It started to rain, so I dripped into The Eight Kings. The usual. Liquid-lunchers, afternoon boozers, the work-shy. The knock-off merchants, the old, the two-for-one crowd with the pushy pushchair. I could hear Snoyle laughing it up with the bookie boys behind me. They were playing at playing a game of cards. Far too often one … Continue reading The Definitive Slide.
Warren appears at the door. He dips a hand into a pocket, palms the Queen, coat tails flapping; street life, movement, magic, within them, for a moment. Glides the tables. Rows of exclamation marks, nods at question asked. Disappears to the bar. When he returns, he shuffles a chair through his fingertips from a neighbouring … Continue reading Chuck Berry’s Briefcase.
She woke beneath a kitchen table. There was dust on the lino and snow on the rooftops. But now the snow had stopped falling. She was wearing someone else's jumper. Heavy, handwoven, Hebridian sky blue with daisy motif. She stared at the yellow woollen stamen, white perfect petals, the blue. She pretended it the morning … Continue reading And When I Sleep, Luella. [vi]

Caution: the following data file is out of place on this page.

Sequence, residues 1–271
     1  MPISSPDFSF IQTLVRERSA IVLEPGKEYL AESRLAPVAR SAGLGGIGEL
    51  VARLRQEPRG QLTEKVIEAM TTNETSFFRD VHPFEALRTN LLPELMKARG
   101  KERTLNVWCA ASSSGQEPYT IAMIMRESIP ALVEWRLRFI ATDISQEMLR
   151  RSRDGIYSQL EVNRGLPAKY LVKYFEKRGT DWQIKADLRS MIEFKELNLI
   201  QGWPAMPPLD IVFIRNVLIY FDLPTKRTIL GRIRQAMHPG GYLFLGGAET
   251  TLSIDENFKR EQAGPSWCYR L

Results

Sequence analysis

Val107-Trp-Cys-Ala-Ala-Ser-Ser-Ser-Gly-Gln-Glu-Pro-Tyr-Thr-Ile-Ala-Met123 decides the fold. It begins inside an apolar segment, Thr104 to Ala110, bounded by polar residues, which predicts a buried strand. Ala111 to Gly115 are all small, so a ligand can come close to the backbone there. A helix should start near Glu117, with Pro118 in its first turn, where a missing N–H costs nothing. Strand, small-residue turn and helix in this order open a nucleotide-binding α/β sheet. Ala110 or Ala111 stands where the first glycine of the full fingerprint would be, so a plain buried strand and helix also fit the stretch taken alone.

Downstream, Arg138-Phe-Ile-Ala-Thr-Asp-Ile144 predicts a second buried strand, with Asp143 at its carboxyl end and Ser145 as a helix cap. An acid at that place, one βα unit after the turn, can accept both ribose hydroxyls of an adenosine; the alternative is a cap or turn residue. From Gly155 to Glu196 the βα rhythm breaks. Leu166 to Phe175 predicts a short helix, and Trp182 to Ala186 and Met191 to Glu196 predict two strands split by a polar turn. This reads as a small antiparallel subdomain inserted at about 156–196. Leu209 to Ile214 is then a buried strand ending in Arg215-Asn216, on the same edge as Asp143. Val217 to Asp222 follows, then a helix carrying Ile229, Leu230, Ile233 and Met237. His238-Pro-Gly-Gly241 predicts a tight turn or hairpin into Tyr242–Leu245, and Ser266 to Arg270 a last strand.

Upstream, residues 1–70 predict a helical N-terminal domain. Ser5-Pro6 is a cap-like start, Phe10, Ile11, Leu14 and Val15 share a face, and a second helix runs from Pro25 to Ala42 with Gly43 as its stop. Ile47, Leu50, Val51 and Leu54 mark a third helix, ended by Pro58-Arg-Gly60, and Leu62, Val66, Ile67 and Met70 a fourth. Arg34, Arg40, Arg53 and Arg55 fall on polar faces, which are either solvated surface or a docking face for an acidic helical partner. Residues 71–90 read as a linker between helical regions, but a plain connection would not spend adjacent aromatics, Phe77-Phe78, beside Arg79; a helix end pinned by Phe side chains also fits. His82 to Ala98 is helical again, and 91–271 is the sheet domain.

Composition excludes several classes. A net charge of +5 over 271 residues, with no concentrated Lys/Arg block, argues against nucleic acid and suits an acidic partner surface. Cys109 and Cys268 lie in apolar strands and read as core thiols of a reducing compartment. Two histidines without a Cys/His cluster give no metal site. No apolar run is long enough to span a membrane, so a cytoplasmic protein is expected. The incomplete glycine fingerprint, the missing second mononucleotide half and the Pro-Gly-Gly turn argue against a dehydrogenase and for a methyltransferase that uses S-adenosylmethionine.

She retreated an inch within and the piss porcelain and wet paper towels and the shit littered tiles and her size seven boot, printing damp jam to the door of the lavatory where she found herself, all seemed suddenly quite salubrious. But she wouldn't take a piss in there. Breathed out, rubbed her arms, rubbed … Continue reading And When I Sleep, Luella. [v]
lunch boxes: Raymond: Un-iced fruitcake, (sweetened black) tea. Malcolm: Pork & Turkey sandwich, tea. Mike: Chicken wrap, fruit pot yoghurt (raspberry), tea. Nick: Scotch egg, camembert & blueberry sandwich, tea.
Each minute thumbed hours' rumour and into the numbered dark she tumbled. The tin boy rubbed his tin ribs until he tired of this, then he rose. He gave her the sleepy eyed fingers, as cast off, as discard, as hex. He wore penned pentagrams on his palm, shook his head on her and went. … Continue reading And When I Sleep, Luella. [iv]
He waited a while longer, but he saw no return. So, he went upstairs and laid in the bath and rolled another cigarette from an ashtray collection. The mirror steamed and rain drummed the thin glass in the skylight. When the water lost its heat, he climbed out, dried himself and dressed. In the old room … Continue reading The Shoes.